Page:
St. Patrick's Parade organizers seek to raise a pot of gold to offset fees BALTIMORE CITY

January 21, 1993|By David Michael Ettlin | David Michael Ettlin,Staff Writer

Organizers of Baltimore's annual St. Patrick's Parade will stage the first in a series of fund-raisers Sunday, hoping for a big turnout because of their uncertainty about how much money this year's event will cost.

The uncertainty, organizers said, results from a new City Hall policy to charge fees for sanitation, police and other services provided for the hundreds of festivals, parades and foot races held each year.

The St. Patrick's affair on March 14 will be the first parade affected by the city policy proposed by Mayor Kurt L. Schmoke and approved by the Board of Estimates a month ago.

At the time, Mr. Schmoke said the city no longer could afford to provide the services from the Police Department, the Department of Recreation and Parks and the Department of Public Works without attempting to offset the costs.

But sponsors of such events say they may not be able to afford them, either, and the city fees may chase them to the suburbs.

"It's gotten to the point where we have no idea what the city costs can entail," said St. Patrick's Parade Chairman James A. Jones, a retired state police lieutenant colonel from Perry Hall.

"If the charges are too much," Mr. Jones said, "we are going to recommend a move to Baltimore County or Annapolis."

Last year's parade cost about $35,000 to stage -- much of the money covering payments for floats and bands, Mr. Jones said, adding that those costs are increasing. Even high school bands receive payments to cover their transportation costs and uniform cleaning, he said.

Through donations, printed programs and fund-raisers including the annual 5-K Shamrock immediately preceding the parade, the committee managed to have nearly $7,000 left over as seed money for the 1993 event. Nearly $2,000 of the parade income came from a city government grant.

Mr. Jones said the $45,000 estimate for this year's parade does not anticipate a surplus to go toward the 1994 event, because of the city's new fees.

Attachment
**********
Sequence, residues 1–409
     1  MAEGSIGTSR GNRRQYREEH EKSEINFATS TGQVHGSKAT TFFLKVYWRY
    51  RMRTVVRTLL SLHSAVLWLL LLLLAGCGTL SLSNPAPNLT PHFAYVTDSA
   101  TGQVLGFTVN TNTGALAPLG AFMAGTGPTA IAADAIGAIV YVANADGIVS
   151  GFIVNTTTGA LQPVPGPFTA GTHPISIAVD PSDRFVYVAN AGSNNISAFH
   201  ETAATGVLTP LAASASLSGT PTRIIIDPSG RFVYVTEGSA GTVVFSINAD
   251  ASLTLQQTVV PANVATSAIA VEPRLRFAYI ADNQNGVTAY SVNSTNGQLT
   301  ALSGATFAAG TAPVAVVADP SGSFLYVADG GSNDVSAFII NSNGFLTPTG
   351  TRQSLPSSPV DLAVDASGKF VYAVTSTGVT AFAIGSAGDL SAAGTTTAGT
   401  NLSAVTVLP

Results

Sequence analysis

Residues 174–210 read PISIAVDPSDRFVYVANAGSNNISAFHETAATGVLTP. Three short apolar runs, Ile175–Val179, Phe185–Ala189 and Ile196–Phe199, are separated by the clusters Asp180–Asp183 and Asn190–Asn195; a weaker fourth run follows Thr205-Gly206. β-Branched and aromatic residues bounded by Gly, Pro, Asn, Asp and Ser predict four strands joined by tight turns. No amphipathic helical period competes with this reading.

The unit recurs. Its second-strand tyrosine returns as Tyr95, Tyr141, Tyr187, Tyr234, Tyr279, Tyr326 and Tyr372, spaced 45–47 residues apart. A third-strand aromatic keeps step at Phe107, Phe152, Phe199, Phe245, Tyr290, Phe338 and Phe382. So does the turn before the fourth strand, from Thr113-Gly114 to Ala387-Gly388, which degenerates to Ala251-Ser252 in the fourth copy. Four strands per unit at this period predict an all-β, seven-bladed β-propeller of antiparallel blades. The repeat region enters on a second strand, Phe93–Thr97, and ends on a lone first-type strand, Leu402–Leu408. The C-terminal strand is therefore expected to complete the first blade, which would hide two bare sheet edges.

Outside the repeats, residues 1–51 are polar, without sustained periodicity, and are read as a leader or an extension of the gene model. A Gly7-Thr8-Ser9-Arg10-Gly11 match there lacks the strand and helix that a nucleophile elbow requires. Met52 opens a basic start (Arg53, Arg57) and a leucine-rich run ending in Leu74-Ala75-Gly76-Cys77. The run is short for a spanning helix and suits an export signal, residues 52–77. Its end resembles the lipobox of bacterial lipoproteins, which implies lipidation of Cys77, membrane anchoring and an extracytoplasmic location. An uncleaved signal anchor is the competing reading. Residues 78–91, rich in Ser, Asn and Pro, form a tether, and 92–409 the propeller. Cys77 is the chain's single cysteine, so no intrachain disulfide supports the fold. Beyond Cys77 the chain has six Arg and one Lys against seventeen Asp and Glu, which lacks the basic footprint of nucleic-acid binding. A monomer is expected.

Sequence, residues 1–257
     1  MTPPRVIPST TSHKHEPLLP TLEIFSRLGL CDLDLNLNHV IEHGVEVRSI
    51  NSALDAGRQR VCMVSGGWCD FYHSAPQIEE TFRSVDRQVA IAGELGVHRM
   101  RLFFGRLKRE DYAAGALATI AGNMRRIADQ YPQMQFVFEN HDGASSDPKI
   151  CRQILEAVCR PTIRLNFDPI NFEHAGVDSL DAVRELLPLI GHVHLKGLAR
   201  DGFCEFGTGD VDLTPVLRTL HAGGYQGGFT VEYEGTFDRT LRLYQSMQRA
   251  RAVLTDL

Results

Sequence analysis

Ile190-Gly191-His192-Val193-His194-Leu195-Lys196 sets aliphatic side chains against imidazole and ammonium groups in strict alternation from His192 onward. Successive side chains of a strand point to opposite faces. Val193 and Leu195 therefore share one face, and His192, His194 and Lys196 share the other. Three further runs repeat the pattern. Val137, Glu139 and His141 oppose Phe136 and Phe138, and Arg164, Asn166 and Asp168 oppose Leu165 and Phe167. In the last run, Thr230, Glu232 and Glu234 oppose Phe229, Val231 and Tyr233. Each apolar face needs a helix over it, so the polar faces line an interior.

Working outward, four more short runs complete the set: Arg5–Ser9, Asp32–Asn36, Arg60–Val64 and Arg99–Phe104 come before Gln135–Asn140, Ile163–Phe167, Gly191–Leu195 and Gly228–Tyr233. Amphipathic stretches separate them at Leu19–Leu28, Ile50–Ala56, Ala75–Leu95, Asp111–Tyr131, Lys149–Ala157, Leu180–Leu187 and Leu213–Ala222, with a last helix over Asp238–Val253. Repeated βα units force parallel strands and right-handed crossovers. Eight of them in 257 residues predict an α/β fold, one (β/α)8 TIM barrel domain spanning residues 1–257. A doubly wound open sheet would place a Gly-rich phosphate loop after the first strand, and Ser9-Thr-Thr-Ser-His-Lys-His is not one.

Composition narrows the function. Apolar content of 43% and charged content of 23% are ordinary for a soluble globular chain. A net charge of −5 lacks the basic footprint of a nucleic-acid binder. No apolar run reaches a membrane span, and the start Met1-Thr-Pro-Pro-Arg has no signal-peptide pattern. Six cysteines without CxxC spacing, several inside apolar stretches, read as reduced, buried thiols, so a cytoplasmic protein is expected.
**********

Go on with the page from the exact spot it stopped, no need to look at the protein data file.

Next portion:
The committee's income estimates include another, hoped-for grant from the city -- but Mr. Jones was not optimistic that the municipal government would be giving money with one hand and taking it back with another.

In the month since Board of Estimates approval of the fees, Mr. Jones said, the parade committee has been unable to get a firm figure from the city on the likely size of the bill -- just "generalities" that explain such things as minimum four-hour overtime payment for each city police officer on parade duty.

Parade fund-raising begins this weekend at the Gandy Dancer, 1300 McHenry St., with entertainment by the groups Ellis Island, Relatively Irish, Reel Time and The Irish Edge.

It is the first in a series of Sunday benefits. Similar parties are scheduled Feb. 14 at J. Patrick's Irish Pub, 1371 Andre St., and Feb. 28 at McGinn's Irish Pub, 328 N. Charles St. All run from 2 p.m. to 8 p.m., with an admission charge of $4.

The Shamrock Run -- the biggest fund-raiser -- is scheduled for 1:40 p.m. Sunday, March 14, with an entry fee of $10 for participants registering before March 1 and $13 after that date.

Organizers set a limit of 1,800 runners and noted that they had to close entries on race day last year. For more information about the race, call (410) 882-5455.

The parade itself is scheduled for 2 p.m. that day, starting at the Washington Monument and following a route south on Charles Street to Pratt Street, and east on Pratt to Market Place.

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